Is there any book that can help us get back to the sense of patriotism we want to feel when the fireworks roar in the sky? I’m sure there are many, actually, but my personal recommendation is Jerry Spinelli’s Maniac Magee.


If you haven’t read this story, do it. Seriously. Technically it’s a children’s book (big surprise from me I know), but though it’s set forty years in the past, it tackles so many of the issues we still face today in the most optimistic way possible. I can’t do this story justice by way of explaining to you just how beautifully it illustrates the true American dream, so I’m posting two excerpts here for you instead:

It was the day of the worms. That first almost-warm, after-the-rainy-night day in April, when you bolt from your house to find yourself in a world of worms. They were as numerous here in the East End as they had been in the West. The sidewalks, the streets. The very places where they didn’t belong. Forlorn, marooned on concrete and asphalt, no place to burrow, April’s orphans….

For the life of him, he couldn’t figure why these East Enders called themselves black. He kept looking and looking, and the colors he found were gingersnap and light fudge and dark fudge and acorn and butter rum and cinnamon and burnt orange. But never licorice, which, to him, was real black.

Between fire hydrants, orphans, baseball, bullying, corner stores, and racism, Maniac Magee couldn’t be more American if it tried. But when you read about our country though the eyes of this bright, optimistic, hopeful boy, something of his outlook rubs off on you, and you can finally start to see the fireworks once more like you did as a child — with a bit of a spark of what patriotism is really all about.



I always called August AAAAughust, because of how hot it gets. If February is the deep chill of winter, August is the molten coal-bath of summer. Most people are inside in August, not so much from a tiredness of summer as simple self-preservation.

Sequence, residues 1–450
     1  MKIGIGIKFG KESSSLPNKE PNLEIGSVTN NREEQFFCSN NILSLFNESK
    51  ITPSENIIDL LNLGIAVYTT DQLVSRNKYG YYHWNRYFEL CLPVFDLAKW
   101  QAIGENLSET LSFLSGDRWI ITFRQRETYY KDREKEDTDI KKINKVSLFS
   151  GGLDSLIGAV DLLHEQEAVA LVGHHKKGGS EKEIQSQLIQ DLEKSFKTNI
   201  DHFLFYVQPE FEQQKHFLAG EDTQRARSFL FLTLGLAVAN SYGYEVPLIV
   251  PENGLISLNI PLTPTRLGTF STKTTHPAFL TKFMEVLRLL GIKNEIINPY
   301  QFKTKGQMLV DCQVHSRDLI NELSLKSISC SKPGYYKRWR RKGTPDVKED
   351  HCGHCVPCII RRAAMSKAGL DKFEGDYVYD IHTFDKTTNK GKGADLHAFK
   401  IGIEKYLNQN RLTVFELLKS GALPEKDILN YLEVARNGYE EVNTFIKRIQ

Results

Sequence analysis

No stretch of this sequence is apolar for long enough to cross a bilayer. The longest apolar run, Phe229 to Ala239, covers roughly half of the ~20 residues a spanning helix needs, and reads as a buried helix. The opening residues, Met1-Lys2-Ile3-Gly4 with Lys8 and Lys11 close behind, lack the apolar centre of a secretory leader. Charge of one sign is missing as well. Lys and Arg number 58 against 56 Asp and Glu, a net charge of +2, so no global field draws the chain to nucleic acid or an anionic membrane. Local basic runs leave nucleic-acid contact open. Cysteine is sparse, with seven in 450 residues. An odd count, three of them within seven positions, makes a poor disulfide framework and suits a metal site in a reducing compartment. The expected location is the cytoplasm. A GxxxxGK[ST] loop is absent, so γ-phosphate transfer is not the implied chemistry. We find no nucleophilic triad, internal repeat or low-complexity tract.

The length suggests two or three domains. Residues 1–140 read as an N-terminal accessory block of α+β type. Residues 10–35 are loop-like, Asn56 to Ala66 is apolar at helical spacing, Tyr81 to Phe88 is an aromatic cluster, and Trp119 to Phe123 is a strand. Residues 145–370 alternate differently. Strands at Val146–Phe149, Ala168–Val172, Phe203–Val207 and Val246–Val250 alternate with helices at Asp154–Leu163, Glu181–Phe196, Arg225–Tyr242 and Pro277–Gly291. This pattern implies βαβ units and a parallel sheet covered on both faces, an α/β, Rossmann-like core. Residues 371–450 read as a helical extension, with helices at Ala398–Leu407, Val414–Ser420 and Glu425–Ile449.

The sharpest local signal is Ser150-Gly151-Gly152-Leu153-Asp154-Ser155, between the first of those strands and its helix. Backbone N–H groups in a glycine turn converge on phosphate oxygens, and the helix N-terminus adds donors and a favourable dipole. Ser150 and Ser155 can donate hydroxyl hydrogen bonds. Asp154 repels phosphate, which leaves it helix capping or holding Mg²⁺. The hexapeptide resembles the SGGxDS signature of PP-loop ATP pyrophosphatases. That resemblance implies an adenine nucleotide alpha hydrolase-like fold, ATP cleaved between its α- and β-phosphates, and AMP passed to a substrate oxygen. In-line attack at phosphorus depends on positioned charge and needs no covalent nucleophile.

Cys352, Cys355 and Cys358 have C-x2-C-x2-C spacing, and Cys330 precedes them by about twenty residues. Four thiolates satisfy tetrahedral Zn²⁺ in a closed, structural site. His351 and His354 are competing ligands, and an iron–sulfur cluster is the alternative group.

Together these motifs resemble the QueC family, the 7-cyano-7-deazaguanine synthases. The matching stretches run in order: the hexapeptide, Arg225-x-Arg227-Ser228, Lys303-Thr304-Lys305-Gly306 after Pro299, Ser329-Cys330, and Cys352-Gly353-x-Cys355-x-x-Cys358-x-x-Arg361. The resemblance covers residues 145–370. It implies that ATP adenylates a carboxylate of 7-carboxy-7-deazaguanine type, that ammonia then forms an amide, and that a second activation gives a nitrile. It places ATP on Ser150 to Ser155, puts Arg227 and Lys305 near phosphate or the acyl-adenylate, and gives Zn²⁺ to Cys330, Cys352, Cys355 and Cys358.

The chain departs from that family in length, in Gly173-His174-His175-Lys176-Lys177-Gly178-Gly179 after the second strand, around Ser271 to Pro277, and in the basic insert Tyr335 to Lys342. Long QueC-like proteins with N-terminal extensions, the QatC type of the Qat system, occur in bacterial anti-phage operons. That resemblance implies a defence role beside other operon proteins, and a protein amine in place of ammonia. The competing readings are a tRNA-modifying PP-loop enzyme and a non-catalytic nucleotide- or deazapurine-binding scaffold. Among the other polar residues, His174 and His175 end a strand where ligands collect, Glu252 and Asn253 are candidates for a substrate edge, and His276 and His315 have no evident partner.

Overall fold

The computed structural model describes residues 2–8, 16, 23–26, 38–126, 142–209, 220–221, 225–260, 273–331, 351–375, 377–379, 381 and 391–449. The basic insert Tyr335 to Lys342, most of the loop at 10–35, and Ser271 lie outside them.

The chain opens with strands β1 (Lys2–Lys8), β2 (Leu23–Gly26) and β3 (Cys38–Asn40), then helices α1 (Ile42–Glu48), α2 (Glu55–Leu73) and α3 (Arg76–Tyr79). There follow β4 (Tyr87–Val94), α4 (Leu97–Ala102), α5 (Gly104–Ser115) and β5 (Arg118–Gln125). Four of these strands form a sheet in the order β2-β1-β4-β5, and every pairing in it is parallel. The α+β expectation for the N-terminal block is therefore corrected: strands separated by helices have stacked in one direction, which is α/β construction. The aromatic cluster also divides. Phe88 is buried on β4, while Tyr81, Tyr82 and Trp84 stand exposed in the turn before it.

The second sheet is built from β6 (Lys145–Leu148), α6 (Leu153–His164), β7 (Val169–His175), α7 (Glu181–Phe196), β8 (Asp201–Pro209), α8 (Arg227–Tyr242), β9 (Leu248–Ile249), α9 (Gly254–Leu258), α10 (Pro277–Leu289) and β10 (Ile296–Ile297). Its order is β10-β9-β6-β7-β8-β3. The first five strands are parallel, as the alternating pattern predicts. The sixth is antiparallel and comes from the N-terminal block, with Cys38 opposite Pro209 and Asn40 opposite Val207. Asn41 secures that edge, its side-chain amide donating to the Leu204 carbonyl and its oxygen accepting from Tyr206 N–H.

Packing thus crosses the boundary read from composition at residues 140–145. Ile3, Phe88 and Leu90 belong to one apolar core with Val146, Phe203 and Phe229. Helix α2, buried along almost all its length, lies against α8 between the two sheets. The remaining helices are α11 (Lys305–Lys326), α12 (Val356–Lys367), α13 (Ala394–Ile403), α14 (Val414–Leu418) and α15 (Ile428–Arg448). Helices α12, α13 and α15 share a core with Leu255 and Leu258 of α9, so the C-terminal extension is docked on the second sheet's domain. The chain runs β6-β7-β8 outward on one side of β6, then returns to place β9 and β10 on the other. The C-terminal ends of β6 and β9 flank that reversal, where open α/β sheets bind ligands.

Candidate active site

Swimming is a must if one is outside — or at the very least running through a sprinkler — and nobody goes out the door without an armor-coat of super-strong sunscreen between their skin and the powerful rays of Solus. So what does one read in August, indoors while surrounded by fans and sipping iced tea?

The cool story of an even cooler girl, living in the hottest place around, of course!


Weetzie Bat by Francesca Lia Block is an outstanding story of a girl with a fascinating life in the city of Angels (that’s Shangri-L.A. to you). Set in the 80’s, the story follows Weetzie and her best friend Dirk, two punk rock young adults with some of the most interesting fictional personalities I have ever seen. Their world is a hyper-reality of strange cars, genie wishes, witch babies and 50’s throwbacks.

Ahhh… Well, It’s difficult to really explain this story, so I’ll just say that you want to read it, and August is the best time to do so.

Trust me. 😉

set of business card with a calendar grid, and sights of London for business meetings

September! Just when we think we can’t take any more heat, the weather is turning cool again. Huzzah!

Honestly, Autumn is my favorite time of year. It’s crispy, everything smells like leaves and chimney smoke, and I get to dress in my hoodies and sweaters again. People are also reading once more as we sit in our chairs or couches, snuggling up at night with a warm cup of tea and maybe a furry friend at our feet.

But the hustle and bustle of everyday life is at its most meh in September as well, as we ruminate on past summer fun and worry over the coming excitement — and stress — of the holidays ahead. Stuck in the middle, September can be a real purgatory of the mundane…



Oh! Hi! Man, I need an exciting story to rev things up! How about you?